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Light and Life: Italian and Dutch Paintings 1600s to 1800s

Ulster Museum Runs until 28 May 2018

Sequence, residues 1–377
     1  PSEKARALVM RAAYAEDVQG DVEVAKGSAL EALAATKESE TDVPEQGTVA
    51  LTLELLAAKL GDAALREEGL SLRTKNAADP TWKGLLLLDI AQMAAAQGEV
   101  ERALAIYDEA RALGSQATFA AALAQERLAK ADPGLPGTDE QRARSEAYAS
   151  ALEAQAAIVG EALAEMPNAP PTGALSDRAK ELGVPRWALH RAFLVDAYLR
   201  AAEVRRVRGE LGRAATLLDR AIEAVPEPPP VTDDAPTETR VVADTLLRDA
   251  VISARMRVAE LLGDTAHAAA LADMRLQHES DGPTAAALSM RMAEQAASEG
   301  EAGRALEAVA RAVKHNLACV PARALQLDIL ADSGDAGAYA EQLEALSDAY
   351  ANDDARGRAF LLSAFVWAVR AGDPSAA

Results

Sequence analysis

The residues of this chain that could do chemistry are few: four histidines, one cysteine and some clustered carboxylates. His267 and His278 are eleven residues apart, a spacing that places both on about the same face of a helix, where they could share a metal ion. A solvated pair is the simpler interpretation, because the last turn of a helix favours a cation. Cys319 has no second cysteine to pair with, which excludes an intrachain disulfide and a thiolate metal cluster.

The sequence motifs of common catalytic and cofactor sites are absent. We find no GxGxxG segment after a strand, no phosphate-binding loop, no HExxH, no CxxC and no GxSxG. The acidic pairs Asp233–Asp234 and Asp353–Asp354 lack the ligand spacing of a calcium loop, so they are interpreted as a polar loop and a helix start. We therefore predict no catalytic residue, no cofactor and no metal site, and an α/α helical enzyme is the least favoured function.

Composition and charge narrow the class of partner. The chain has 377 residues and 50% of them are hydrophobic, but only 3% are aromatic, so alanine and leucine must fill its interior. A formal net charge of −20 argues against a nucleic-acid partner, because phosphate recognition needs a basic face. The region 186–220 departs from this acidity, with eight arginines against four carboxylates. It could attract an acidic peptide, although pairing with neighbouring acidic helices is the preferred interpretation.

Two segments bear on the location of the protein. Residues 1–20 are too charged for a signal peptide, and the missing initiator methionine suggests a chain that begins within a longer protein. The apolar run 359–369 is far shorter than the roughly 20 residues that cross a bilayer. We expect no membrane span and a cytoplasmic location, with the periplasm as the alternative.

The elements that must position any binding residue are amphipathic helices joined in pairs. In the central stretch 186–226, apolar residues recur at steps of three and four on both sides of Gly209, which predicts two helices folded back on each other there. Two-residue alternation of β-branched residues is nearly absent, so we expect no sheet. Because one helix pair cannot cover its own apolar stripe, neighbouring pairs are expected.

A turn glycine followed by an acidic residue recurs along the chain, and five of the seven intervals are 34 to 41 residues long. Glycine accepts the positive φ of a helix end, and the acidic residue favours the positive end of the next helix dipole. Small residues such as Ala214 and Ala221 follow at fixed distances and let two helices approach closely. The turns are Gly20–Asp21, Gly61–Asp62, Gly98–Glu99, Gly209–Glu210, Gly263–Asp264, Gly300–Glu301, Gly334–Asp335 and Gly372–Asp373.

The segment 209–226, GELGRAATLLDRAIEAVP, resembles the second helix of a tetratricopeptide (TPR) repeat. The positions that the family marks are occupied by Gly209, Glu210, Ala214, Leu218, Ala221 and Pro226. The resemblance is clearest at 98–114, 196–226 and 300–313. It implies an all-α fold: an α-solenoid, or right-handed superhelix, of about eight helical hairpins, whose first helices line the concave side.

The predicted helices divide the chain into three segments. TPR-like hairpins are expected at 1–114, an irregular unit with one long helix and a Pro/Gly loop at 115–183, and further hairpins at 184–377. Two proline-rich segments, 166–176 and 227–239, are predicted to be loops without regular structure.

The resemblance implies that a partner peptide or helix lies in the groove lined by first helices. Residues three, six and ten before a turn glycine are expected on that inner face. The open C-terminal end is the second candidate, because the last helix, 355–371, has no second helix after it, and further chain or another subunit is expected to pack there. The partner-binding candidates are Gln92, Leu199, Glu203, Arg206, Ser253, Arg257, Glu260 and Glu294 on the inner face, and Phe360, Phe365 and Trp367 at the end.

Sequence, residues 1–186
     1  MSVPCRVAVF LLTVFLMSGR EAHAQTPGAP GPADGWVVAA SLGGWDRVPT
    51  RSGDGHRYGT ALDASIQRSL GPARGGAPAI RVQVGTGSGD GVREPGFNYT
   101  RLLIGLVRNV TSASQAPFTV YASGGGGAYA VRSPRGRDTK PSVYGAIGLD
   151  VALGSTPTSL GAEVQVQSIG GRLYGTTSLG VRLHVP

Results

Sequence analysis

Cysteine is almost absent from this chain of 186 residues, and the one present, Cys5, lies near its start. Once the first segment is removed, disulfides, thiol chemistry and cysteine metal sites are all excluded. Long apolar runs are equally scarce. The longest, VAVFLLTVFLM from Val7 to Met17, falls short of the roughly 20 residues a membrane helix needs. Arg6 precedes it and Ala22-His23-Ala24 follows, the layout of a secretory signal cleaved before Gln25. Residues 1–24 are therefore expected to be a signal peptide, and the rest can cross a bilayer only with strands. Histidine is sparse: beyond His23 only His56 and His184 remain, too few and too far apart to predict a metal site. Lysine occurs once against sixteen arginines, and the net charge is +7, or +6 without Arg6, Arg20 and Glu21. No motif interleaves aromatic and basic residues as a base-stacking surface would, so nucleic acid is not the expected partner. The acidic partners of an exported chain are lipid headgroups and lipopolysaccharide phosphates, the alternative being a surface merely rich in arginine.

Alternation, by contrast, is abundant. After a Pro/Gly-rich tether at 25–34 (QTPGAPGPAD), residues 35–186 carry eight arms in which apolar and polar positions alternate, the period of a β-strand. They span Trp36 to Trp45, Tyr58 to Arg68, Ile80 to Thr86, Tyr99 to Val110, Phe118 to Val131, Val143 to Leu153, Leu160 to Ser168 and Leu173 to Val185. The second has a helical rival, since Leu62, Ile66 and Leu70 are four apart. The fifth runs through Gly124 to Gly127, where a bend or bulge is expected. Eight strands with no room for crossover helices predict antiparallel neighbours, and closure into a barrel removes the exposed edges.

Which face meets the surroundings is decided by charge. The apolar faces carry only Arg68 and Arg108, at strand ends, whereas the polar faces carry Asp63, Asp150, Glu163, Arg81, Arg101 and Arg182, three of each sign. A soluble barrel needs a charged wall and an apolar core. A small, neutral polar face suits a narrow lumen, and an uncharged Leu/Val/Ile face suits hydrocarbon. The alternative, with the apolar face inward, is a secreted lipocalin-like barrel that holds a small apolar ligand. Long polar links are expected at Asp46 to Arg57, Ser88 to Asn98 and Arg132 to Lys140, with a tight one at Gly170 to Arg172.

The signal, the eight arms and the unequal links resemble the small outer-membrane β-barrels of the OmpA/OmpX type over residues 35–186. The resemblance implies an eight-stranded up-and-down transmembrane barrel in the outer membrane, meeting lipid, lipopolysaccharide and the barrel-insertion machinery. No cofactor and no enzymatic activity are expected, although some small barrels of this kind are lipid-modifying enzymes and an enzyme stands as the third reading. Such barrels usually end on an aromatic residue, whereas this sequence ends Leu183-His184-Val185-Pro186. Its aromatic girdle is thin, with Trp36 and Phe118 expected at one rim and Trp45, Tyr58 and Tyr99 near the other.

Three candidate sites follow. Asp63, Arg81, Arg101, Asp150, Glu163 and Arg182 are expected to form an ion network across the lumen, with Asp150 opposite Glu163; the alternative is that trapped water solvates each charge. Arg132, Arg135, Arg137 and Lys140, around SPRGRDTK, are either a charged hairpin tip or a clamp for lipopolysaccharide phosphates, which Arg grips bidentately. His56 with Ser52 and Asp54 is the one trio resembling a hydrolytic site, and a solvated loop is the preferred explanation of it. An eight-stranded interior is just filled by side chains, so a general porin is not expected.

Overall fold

This display includes some of the finest Italian and Dutch paintings in the Ulster Museum collection, and explores the use of light in the depiction of religious and secular subjects. During the 1600s, many painters were influenced by the dramatic effects of light and shade pioneered by Caravaggio in Rome. This new style of painting, now called the Baroque, used light in a highly theatrical way to increase the power and impact of religious subjects. The theatricality of the Baroque style was also used to enliven secular or ‘genre’ scenes of everyday life. These subjects were popular with Dutch artists who visited Rome during the 1600s to study Italian painting, and were also attracted to the light and everyday life of the Italian countryside. Artists continued to travel to Italy in the 1800s, and the English painter JMW Turner made some of his most atmospheric and light-filled paintings in Venice.

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